"Step Up 3D" falls flat even with the funky glasses.
Dance movies don't exactly command respect in most cinephiles' circles. Think about it; when was the last time you saw two film lovers discussing the finer points of "Breakin' 2: Electric Boogaloo"? But every now and again a dance film comes along that is so striking, it changes how the genre is viewed.
"Step Up 3D" does exactly that…but in the worst, most negative ways imaginable.
Leaving behind "Step Up"'s previous setting, Baltimore's elite Maryland School of the Arts, returning director Jon M. Chu relocated the third film to New York City's underground dance scene, a world Moose ("Step Up 2: The Streets" star Adam Savani) stumbles into the day he arrives in Manhattan for orientation at NYU. Filling Channing Tatum and Robert Hoffman's studly dance shoes is former model (and obvious non-dancer) Rick Malambri as Luke, a videographer who owns a five-story loft/club/crashpad/dance space/training facility/Nike shoe museum and chronicles Manhattan's best dancers. Gearing up for the biggest dance battle of the year (wouldn't you know it), Luke takes Moose under his wing and instantly falls for club dancer, Natalie (Sharni Vinson), the female lead replacing Jenna Dewan and Briana Evigan.
Devoid of plot or character development and lacking even a modicum of decent acting, "Step Up 3D" fails on every level. In fact, the only thing elevating the third installment of the "Step Up" franchise from cable-TV-movie-of-the-week status is the fact that it's in 3D.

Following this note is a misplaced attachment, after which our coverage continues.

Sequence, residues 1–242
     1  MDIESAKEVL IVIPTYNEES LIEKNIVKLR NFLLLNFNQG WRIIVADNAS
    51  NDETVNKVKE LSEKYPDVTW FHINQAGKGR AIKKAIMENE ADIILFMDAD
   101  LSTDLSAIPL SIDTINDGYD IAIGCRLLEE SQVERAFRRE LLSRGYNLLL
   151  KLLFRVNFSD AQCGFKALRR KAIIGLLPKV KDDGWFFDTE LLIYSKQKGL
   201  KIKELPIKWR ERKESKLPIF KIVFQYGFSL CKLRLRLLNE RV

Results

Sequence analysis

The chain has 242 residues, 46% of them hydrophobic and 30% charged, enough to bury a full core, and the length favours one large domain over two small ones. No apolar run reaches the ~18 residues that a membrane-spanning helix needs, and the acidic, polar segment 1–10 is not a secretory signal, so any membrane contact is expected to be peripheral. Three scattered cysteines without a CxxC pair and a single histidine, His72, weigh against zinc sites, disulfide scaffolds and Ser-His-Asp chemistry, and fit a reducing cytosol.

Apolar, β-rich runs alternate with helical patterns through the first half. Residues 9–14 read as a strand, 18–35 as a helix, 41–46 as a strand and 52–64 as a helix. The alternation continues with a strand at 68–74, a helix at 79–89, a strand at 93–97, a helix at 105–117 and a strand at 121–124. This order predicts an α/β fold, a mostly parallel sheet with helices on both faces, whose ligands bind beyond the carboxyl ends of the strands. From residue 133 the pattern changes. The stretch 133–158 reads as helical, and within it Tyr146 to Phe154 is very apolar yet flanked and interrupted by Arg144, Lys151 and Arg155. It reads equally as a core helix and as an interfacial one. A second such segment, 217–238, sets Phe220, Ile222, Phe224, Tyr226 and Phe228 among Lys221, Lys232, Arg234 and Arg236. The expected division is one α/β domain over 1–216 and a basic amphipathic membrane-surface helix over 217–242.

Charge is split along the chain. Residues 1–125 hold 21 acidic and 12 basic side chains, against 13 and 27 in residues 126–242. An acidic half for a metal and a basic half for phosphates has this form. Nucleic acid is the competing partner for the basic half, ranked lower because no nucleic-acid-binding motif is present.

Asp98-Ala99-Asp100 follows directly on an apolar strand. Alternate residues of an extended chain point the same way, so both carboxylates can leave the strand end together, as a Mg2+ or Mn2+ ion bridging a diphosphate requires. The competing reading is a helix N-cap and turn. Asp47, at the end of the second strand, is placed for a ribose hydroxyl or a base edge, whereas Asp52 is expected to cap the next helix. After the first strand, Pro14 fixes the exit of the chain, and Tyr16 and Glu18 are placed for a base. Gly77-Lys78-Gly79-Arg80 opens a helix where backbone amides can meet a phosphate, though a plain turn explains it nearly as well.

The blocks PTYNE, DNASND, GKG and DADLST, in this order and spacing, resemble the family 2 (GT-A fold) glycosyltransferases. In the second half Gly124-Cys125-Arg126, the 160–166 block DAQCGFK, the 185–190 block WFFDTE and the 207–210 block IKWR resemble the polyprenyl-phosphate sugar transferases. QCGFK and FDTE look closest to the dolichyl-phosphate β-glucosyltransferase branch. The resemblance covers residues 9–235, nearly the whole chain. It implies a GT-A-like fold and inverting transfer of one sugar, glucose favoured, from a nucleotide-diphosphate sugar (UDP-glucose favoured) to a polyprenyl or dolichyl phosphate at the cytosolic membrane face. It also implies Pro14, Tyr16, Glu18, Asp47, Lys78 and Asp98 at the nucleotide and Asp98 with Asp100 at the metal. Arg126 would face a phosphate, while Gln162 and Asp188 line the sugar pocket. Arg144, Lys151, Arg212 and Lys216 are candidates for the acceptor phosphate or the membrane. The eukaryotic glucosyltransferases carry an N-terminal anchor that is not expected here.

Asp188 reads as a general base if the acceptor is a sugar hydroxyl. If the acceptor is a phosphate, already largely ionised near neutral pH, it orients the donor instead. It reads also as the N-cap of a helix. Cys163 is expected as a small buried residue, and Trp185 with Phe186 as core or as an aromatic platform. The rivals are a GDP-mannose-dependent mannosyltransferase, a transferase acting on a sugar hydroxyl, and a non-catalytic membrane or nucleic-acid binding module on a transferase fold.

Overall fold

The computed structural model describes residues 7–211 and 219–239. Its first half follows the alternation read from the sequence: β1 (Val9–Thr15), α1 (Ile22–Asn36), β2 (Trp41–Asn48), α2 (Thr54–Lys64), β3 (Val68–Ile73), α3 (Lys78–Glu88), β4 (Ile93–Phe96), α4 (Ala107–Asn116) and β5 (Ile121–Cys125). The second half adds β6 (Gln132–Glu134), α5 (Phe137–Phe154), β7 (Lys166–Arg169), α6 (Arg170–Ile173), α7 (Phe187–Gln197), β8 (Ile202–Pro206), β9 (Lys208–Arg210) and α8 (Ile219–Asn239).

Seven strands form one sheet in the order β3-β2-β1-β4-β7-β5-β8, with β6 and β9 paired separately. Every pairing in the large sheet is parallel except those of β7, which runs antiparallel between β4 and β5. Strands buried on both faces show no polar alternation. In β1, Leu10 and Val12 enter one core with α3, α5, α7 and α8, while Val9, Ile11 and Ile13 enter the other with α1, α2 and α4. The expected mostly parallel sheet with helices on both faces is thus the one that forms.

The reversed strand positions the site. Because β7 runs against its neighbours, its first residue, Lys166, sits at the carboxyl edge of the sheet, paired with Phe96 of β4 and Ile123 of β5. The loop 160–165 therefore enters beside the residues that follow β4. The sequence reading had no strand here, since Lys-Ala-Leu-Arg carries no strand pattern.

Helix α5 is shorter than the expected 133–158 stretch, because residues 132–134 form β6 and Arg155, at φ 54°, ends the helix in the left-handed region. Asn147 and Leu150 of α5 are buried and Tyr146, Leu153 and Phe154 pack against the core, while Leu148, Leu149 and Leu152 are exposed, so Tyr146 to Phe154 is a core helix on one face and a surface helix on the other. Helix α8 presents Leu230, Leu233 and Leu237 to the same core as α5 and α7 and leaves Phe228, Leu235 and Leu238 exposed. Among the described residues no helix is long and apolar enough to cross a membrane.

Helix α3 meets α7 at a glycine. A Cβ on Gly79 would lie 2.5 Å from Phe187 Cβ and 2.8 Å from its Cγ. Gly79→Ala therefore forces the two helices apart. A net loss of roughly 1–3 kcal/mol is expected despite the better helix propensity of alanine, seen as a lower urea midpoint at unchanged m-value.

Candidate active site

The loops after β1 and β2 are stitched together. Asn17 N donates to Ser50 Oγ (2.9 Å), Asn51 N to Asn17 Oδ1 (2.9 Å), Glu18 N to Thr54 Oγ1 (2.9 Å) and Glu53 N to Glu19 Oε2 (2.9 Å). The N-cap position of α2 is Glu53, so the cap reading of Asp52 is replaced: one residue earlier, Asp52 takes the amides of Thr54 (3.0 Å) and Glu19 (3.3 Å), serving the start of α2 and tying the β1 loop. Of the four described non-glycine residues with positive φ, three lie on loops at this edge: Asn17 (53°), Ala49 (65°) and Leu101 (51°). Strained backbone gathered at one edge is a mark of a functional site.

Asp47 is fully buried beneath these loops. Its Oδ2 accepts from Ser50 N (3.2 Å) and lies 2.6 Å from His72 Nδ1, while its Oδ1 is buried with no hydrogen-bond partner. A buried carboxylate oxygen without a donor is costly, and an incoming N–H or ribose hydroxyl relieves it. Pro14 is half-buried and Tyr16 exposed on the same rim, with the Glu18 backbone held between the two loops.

Unfortunately, that same technology is a major detractor to the film's genuinely impressive dance numbers, as Chu strains for any available reason to exploit the medium, flinging everything from bubbles and balloons to baby powder dust clouds at the audience, when all he needed to do was let the dancers create the spectacle.
Less a movie and more an extended music video (think Paula Abdul and Keanu Reeves in "Rush, Rush"), "Step Up 3D" does offer truly incredible dance sequences, but when you can just as easily watch most of the film's dancers online in LXD (Legion of Extraordinary Dancers) clips, why bother suffering through painful attempts at dialogue and a slap-and-tickle plot that's laughably clichéd?